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Looking Back: A Decade of Digital Billboards
Digital Signage Today
By Darren Friskney
November 22, 2016
A lot can happen in a decade. In 2007, the iPhone was introduced, Mad Men was the acclaimed new TV series, and the Dow Jones Industrial Average closed above 14,000 for the first time in history.

2007 also was the year that Watchfire Signs made its foray into digital billboards, and a good deal has changed in the outdoor display industry during the past 10 years.

Digital billboards are approved in nearly every state. Today 46 states have passed laws permitting digital billboards, compared to approximately 33 in 2007. As of July 1, 2016, the OAAA reports that there are approximately 6,700 digital billboards installed in the U.S., and there are now over 1,000 localities allowing digital billboards.

The Federal Highway Administration ruled digital billboards permissible in 2007. The ruling, which found that digital billboards didn't violate the Highway Beautification Act of 1968, allowed out of home companies to construct digital billboards along federal highways. Today, of the 46 states that allow billboards, only one prohibits digital billboards on "controlled highways."

Public/private partnerships are an acceptable means to build a digital signage network. In 2013, a ground-breaking agreement launched the first ever public-private partnership for a large-scale digital signage network in the United States. The City of Chicago contracted with Interstate JCDecaux to erect digital billboards at 34 locations along city-controlled expressways, with between 30 and 50 percent of advertising revenue generated going to the city.

The use of RSS feeds are making digital billboards even more dynamic. Dynamic feeds are gaining popularity on digital billboards as the lines are blurring between various digital platforms. Innovative advertisers today understand that they can capitalize on the unique capabilities of digital billboards to drive engagement in ways that static billboards cannot. Just about any kind of content can be added to digital billboards, including Twitter feeds, sports scores and news.

Digital billboards are more energy efficient. Digital billboards manufactured in the United States use about two-thirds less power than a decade ago. Higher efficacy LEDs require less energy, which results in lower operating costs.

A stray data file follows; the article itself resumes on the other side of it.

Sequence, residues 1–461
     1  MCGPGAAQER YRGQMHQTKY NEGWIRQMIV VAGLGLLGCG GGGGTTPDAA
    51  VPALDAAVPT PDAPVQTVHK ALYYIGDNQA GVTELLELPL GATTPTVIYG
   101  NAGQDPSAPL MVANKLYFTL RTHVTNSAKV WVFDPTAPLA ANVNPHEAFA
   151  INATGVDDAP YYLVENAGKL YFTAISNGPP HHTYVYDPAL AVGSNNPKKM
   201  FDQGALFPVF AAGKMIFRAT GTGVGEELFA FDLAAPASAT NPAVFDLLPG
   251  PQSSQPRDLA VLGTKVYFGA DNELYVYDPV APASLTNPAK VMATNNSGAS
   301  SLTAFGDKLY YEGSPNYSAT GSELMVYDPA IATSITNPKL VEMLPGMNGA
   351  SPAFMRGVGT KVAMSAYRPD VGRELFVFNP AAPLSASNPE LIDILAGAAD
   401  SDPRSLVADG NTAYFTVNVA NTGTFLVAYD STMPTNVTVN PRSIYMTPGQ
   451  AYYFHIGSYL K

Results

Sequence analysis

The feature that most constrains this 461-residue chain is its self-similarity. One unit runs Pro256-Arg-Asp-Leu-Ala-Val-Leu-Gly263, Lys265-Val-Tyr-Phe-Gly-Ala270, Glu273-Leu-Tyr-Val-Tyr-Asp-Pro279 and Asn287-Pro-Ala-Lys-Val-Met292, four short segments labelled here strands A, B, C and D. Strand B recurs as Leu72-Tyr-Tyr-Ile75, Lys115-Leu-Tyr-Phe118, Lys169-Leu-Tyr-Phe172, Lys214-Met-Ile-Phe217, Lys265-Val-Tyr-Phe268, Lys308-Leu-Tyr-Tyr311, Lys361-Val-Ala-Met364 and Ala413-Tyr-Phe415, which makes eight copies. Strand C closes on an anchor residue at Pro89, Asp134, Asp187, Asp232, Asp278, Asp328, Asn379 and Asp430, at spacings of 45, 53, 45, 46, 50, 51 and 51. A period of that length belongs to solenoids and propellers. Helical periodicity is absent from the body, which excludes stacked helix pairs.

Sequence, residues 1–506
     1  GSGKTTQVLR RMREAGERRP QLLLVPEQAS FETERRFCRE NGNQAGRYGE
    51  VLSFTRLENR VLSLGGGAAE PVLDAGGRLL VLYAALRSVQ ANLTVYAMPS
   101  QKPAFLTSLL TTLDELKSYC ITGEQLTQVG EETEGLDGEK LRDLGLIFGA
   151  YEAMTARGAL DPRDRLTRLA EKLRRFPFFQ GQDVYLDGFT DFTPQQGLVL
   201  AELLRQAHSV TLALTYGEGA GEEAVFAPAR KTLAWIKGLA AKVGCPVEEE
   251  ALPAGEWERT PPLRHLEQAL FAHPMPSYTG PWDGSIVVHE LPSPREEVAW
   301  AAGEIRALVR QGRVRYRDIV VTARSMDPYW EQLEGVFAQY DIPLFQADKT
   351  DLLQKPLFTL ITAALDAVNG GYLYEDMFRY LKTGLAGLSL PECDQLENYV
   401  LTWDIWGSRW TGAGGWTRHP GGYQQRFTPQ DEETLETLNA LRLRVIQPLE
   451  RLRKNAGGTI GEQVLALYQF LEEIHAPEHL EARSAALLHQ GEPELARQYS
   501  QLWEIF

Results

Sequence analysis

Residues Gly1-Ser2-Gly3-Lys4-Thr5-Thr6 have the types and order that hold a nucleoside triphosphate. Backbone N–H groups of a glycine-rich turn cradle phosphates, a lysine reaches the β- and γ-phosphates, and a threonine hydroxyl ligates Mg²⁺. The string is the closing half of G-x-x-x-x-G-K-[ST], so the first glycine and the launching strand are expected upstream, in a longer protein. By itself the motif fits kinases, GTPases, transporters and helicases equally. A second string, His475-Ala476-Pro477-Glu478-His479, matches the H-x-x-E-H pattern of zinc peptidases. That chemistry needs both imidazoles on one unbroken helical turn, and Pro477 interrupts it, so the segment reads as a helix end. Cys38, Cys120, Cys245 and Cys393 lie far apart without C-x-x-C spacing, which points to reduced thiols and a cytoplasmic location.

Digital billboards have their own software to meet their unique needs.

The digital billboard industry has matured a great deal in the last decade. It's gratifying for us to look back at our very first digital billboards sold to DSW Signs in Cape Girardeau, Missouri, both of which are still operating and generating revenue today.

What changes have you seen in the digital billboard industry in the last decade?

Roseville Company gets Contract for Kings' Electronic Billboards
Sacramento Business Journal
By Ben VanDerMeer
November 18, 2016
CA-From a pack of 10, a Roseville company has secured the contract for electronic billboards owned by the Sacramento Kings.

Marquee Media is in charge of building, operating and managing the six digital Panasonic billboards, after going through a year-long request-for-proposal process.

"We show up at events and we're visible," said company president and co-founder Jeff Joaquin, explaining how his local company might have beat out large national firms such as Clear Channel and Outfront Media for the contract.

The billboards, five of which are already operating, are largely along major freeways, such as where Highway 50 and Interstate 5 meet near downtown Sacramento. Rights to establish the billboards were included in the deal between the city and the Kings to build Golden 1 Center downtown. Joaquin said his firm handles all the operations of the billboards and pays a fee to the team. Specific terms were not disclosed.

Advertisers have been interested in the billboards, which went live only recently, he said. In addition to businesses, the billboards advertise community events at the Crocker Art Museum, for example, and upcoming Golden 1 Center events. Joaquin said he also wants to use them to display breaking news.

"They are the highest resolution that's out there," Joaquin said. He added that so far, no one's complained about the billboards' brightness, and none of them shine into someone's home. "It's an exciting time for us as a company."

In a news release, Kings president Chris Granger said Marquee Media allows the team to continue highlighting the best of the region.

"We're excited to continue to grow our role promoting Sacramento to the region and the millions of travelers who pass through our city," he said.

Billboard Insider
By Staff Writer
November 26, 2016

Billboards in the Salt Lake Valley have warned the end is coming on 11.23.16. That day has come and gone, so what was the billboard talking about?
11.23.16 is the day to end car wrecks due to texting. The website, endtextwrecks.org is full of infographics to share with someone you know the next time they think of texting and driving. An ad campaign called "End Text Wrecks" aims to educate the public about the facts behind texting and driving.

For example, the United States has 220 million people and 69 percent of drivers admit to using their phones while behind the wheel.